Models and Materialities: Confabulation and the Contemporary Still Life

FW May I start by exploring two aspects of your work: the practical advantages of using Chinese colours instead of Western style watercolours on Chinese and Japanese papers; and secondly, the paradox of using paints and supports strongly identified with traditional Chinese painting to paint flower bouquets in vases that appear to operate within, or with reference to, the Western tradition of the floral still life.

TL I'm drawn to toying or playing around with the historical and cultural themes of still life and traditional mediums. I feel in doing so that these ideas come preloaded with a set of virtues and values and meaning before I even start to paint. For example, in traditional ink painting there's a philosophy you're supposed to adhere to for the painting to be considered a worthy piece of art.

In traditional Chinese painting, usually the body or outline of the painting will be done with black ink and various tones of black (i.e. a gradient effect) Any additional colour would act as a kind of accent or highlight. In contrast to European painting it may appear to be a more illustrative application of colour rather than working in layers to build depth and tone. There are no advantages or disadvantages, only differences.

When I began looking into ink painting there was a lot of writing about proper brush grip and certain ways to apply strokes and so on and so on. There are a plethora of styles and schools within the ink tradition similar to European painting. All these styles and systems seem too constricting, so in a way I rejected these formal ideologies and simply paint what I feel like painting. I don't spend much time thinking and deliberating on what colours to use.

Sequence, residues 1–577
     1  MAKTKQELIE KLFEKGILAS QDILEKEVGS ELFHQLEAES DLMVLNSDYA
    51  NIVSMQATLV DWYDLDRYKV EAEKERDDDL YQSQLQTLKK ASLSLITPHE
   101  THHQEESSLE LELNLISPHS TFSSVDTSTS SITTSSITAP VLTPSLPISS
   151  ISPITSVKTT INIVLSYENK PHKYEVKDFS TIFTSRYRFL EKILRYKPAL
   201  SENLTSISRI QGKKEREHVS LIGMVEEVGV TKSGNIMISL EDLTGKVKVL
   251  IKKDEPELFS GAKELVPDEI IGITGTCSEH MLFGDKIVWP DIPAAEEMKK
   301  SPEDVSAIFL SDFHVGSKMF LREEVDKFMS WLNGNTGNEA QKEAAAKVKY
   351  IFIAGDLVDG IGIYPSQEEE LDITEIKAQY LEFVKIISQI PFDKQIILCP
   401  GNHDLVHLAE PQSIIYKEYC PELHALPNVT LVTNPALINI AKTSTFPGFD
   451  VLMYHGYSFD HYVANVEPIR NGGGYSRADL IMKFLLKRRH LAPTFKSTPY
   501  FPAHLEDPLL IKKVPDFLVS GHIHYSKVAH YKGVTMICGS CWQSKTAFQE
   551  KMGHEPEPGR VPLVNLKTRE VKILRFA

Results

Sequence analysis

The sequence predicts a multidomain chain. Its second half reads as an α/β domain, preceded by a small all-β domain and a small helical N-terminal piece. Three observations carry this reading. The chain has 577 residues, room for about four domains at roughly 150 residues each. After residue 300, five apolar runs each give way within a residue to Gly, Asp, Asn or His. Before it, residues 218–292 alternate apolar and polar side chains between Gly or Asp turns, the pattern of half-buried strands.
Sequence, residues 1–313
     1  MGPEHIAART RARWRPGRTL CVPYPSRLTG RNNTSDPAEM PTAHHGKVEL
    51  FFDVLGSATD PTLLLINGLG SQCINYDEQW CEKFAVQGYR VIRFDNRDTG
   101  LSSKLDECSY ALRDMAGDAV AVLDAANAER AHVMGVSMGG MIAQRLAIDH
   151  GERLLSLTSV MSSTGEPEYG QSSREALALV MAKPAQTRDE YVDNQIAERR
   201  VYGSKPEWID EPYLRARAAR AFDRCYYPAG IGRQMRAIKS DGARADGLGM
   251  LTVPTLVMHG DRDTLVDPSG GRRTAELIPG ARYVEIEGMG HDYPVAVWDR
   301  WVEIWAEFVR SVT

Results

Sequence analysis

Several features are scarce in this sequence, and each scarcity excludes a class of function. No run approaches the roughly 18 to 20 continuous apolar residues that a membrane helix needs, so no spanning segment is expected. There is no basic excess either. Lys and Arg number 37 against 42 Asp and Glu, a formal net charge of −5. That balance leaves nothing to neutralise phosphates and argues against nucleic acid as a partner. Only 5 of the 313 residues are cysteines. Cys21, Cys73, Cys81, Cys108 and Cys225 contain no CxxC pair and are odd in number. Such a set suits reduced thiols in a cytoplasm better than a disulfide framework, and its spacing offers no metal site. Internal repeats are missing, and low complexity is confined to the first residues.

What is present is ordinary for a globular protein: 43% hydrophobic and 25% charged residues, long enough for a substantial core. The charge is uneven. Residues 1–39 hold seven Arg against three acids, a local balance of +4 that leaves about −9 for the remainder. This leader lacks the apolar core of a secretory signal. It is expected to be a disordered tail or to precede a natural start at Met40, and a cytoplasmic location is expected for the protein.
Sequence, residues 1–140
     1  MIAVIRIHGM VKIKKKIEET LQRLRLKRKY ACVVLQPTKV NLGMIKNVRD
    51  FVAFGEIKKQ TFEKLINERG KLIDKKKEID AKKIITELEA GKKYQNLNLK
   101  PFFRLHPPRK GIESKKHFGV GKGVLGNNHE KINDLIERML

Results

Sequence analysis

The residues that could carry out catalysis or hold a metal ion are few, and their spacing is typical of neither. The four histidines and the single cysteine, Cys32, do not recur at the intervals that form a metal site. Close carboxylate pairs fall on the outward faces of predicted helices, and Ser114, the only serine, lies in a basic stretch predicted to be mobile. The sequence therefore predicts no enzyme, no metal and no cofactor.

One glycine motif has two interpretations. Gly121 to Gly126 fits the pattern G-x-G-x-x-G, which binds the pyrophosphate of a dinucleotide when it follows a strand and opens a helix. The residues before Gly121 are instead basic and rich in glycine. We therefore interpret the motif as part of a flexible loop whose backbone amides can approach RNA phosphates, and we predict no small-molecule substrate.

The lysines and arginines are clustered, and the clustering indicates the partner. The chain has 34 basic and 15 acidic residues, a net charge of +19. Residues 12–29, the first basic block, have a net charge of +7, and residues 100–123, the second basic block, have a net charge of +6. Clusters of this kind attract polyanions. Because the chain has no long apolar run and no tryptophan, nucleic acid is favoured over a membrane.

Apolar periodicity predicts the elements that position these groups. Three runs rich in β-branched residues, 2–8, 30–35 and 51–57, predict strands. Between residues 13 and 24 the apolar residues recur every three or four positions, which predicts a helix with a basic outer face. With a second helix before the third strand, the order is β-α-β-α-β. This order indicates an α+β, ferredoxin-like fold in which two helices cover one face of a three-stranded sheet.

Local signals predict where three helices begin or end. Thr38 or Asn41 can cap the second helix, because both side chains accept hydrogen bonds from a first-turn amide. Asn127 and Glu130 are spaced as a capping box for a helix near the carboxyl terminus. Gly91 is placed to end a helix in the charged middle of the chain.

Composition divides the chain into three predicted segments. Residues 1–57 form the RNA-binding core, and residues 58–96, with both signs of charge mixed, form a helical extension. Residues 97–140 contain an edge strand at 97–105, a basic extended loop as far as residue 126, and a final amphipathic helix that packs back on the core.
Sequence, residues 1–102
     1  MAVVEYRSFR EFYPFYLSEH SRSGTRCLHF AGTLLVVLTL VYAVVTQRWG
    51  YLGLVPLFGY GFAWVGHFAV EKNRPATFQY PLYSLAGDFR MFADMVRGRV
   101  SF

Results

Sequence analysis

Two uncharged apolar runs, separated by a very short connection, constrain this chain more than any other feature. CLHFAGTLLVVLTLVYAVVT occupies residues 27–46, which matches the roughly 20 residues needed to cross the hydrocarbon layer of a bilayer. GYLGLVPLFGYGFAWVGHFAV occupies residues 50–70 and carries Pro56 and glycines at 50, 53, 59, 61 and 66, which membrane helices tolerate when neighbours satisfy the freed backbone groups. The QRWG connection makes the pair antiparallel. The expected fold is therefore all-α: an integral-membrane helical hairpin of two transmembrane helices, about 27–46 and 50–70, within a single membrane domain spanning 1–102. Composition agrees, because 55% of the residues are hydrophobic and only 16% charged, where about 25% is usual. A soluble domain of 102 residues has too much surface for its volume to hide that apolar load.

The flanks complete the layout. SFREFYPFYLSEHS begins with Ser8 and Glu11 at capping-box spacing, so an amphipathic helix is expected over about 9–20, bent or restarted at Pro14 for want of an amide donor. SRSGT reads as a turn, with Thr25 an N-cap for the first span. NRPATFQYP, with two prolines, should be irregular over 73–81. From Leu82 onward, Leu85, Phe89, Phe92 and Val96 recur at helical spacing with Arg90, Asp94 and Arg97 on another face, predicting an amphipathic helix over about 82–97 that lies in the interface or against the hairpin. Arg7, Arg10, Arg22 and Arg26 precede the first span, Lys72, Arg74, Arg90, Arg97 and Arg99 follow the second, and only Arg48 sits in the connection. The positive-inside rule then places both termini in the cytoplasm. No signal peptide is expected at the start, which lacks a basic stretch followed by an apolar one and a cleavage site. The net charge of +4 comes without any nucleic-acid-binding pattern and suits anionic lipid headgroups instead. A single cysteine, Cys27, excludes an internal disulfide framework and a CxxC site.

FW I understand that it is not your intention to directly reference European traditions of flower painting yet for your paintings to work paradoxically I would have thought it was necessary to invoke both traditions in your paintings. Early flower still lifes by artists such as Jan Brueghel the Elder (1568-1625) (sometimes called Velvet Brueghel) and Ambrosius Bosschaert (1573-1621) are paradoxes too, of a different sort. For example, we are invited to look at painting of exquisitely rendered flowers arranged in a bouquet that in reality bloom at different times of the year Paradoxically, their beauty is preserved but only in painted form. The value of these paintings at that time was less than many of the flowers depicted.

TL I am interested in the symbolic language of the still life. In Chinese painting, depictions of peonies, chrysanthemums, bambo, and plum blossoms are recurring subjects. They are described as representing auspiciousness, longevity and harmony. Chrysanthemums, for example, are believed to bring good luck and have links with Buddhism.

The focus in Chinese art, because of its illustrative quality rather than its realism, leads the viewer to reflect more on the flower’s symbolic meaning than to the flower itself. Clearly, Chinese painting isn't a pursuit of visual likeness. In general it is an attempt to evoke and express a visceral response.

European Catholic paintings are also littered with floral motifs. The Virgin Mary is often depicted with lilies, said to represent purity and innocence. Paradoxically, lilies are a popular funeral flower for Chinese and Europeans that I find interesting.